Another trend — Scottish “peerage” titles for sale!

By William Pherrel

I have mentioned in an earlier blog that the only genuinely purchasable noble title is that of Scottish baron. But first, I would like to explain what a baron is.

“Baron” takes its origin from the old French word baron, itself having its roots from the Frankish baro, which means “freeman” or “warrior.” It was later combined with the cognate Old English word beorn meaning “nobleman” and is essentially known among the Scottish as “Laird.”

William I of England (1027 – Sept. 9, 1087) or otherwise know as William the Conqueror, had first introduced the title of baron as a rank to distinguish those who had vowed allegiance to him. Until then, the king’s companions bore the titles of Earl in England and Thane in Scotland. All those who bore the new title became equally “in chief of the king” and were thus pledged to undertake various services and were welcome to attend the king’s council.

The rank of baron is the last in the consecutive list of ranks beginning with Emperor, King, Prince, Grand Duke, Archduke, Duke, Marquess, Margrave, Count/Earl, Viscount and finally ending with Baron.

The legal right to bear this title is now obsolete in England but has remained in Scotland, merely related to the feudal nobility of Scotland; meaning, the holder has feudal superiority over a given territory set up into a “free barony” or manor by a Crown Charter, but does not possesses a rank of peerage. Hence, the Scottish Baron is classified merely as Lord of Parliament.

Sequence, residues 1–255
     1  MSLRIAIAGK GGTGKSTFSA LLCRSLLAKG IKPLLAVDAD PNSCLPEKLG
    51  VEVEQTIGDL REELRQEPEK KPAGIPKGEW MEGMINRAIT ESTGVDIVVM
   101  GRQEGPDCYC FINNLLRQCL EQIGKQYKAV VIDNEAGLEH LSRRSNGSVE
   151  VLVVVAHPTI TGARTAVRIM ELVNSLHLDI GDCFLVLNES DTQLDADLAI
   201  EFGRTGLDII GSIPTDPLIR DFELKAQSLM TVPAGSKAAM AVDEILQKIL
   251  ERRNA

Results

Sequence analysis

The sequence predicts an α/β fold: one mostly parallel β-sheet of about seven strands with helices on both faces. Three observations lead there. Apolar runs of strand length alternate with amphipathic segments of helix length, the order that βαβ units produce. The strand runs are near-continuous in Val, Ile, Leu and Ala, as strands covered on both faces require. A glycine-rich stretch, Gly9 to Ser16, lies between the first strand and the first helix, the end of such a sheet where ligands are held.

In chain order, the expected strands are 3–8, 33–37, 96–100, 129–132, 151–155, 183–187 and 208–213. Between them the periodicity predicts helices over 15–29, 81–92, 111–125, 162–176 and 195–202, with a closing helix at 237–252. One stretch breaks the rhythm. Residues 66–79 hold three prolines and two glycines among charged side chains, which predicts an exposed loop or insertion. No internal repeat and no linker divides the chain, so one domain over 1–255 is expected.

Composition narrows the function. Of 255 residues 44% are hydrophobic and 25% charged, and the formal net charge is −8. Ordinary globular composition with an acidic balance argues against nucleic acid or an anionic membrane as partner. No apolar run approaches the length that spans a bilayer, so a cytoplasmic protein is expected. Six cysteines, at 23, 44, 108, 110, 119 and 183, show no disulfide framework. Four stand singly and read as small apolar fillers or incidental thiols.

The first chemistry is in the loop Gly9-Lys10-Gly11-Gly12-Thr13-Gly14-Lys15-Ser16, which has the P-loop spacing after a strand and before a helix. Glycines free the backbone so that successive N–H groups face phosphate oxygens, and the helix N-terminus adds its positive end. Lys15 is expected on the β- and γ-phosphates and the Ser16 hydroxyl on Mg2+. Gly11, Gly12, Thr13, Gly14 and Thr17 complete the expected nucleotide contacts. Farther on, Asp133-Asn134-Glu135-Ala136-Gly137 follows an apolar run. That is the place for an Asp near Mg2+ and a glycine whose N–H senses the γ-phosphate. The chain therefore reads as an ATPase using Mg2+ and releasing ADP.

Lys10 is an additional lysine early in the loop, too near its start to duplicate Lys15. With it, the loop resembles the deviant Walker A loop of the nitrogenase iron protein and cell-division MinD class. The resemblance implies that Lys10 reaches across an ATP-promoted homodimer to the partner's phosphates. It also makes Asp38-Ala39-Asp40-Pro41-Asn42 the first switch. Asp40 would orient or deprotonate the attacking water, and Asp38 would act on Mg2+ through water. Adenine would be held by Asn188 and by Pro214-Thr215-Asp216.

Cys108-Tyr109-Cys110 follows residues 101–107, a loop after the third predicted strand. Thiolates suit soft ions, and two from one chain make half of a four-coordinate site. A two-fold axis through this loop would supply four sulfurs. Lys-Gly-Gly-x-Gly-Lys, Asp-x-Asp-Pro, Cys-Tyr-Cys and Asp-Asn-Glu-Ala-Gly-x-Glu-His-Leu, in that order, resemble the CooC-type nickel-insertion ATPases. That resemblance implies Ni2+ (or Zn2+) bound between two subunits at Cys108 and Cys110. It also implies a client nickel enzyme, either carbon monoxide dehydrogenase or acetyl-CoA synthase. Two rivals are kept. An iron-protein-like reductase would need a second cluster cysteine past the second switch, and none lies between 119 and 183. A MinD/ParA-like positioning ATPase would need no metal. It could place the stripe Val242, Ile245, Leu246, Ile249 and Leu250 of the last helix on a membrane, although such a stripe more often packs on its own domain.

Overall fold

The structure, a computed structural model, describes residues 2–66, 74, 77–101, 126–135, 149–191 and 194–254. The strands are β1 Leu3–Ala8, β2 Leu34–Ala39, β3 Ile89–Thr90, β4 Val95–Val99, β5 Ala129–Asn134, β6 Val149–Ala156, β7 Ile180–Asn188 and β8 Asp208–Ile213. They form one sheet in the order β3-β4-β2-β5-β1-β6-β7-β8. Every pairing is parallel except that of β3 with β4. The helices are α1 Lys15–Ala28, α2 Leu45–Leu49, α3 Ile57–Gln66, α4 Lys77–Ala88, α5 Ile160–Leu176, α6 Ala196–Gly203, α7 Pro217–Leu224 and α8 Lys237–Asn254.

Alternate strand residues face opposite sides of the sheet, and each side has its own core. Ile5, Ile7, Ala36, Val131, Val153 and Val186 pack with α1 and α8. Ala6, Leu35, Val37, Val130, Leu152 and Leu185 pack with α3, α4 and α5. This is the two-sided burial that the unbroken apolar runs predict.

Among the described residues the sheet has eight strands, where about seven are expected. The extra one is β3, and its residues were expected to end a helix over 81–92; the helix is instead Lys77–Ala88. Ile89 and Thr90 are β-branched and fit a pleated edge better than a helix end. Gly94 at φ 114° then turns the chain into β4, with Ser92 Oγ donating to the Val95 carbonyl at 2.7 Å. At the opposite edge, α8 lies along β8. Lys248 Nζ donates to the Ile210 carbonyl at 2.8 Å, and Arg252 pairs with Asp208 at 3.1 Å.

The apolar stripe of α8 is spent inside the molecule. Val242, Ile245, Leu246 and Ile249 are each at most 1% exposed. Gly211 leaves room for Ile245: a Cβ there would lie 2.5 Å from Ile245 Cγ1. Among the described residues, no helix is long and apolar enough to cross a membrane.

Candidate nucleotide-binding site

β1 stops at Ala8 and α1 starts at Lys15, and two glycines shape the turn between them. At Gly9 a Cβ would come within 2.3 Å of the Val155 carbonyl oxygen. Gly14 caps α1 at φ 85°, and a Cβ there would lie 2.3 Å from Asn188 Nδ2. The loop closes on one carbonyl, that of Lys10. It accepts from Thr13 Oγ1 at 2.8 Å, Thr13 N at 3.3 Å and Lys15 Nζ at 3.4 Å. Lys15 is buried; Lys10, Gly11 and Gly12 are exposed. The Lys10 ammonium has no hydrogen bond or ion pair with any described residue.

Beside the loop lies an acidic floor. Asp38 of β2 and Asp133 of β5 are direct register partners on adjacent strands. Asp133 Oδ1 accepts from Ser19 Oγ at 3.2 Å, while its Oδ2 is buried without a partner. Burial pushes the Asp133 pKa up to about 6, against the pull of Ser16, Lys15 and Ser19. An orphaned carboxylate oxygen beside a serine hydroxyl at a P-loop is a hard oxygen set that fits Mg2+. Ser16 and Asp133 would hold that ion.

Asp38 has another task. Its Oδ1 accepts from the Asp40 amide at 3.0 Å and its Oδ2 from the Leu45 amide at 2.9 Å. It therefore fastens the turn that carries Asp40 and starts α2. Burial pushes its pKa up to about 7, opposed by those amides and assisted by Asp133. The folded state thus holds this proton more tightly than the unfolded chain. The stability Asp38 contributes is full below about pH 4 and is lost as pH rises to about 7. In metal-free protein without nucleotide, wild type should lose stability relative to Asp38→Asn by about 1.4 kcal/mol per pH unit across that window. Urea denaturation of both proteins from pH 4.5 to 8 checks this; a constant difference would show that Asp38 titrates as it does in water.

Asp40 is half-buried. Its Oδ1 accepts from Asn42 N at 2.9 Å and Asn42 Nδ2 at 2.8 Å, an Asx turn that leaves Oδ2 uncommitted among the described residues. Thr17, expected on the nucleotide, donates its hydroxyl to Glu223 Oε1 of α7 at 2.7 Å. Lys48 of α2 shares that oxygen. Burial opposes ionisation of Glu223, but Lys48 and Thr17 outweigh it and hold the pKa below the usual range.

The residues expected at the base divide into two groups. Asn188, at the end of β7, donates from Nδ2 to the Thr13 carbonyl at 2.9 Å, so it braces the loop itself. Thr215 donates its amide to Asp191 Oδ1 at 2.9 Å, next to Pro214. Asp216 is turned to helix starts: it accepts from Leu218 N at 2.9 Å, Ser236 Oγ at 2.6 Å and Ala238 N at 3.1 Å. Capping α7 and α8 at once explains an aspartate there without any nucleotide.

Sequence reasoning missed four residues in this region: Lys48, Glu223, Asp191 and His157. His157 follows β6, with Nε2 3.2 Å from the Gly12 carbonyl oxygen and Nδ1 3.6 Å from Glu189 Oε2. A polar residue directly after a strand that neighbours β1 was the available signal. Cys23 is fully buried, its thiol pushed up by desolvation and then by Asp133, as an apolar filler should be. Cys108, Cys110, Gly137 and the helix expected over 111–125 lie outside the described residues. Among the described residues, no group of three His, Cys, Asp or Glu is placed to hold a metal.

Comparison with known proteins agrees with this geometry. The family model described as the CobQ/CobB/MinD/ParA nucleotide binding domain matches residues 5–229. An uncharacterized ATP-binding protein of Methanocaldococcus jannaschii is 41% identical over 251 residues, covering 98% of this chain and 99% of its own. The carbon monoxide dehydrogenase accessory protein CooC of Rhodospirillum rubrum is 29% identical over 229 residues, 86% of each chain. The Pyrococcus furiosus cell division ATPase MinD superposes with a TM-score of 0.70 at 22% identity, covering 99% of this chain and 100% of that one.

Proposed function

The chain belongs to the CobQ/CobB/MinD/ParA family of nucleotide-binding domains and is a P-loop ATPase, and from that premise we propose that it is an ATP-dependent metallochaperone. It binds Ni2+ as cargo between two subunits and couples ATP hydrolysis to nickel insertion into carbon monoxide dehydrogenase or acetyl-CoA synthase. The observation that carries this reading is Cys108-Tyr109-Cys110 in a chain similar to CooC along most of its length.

With this in mind, it would be erroneous to conclude that the purchase of the baron title would automatically provide the bearer with a rank within the peerage or nobility of Scotland or England. The Scottish barony titles can either be bought in one’s own right as a single owner, or on a shared basis, i.e. co-ownership of shares within a lordship or manor. The purchase prices range from approximately $ 1,000.00 to approximately $ 120,000.00 and are on a first come first serve basis.

In 2004 for example, the title of Baron of MacDonald was up for sale, along with the Knock Castle in Skye for $ 1.5 million. In this case, the single title bearer would then be considered to possess the lordship of Knock Castle. A similar lordship can be shared however, where the purchaser can obtain the title of Baron for a much lesser sum. Being that there is a limited number of lordships to claim (as such titles were once connected to the “free barony’s” territory, the scarcity of land dictates the number of titles to claim, as well as the value and worth of said titles.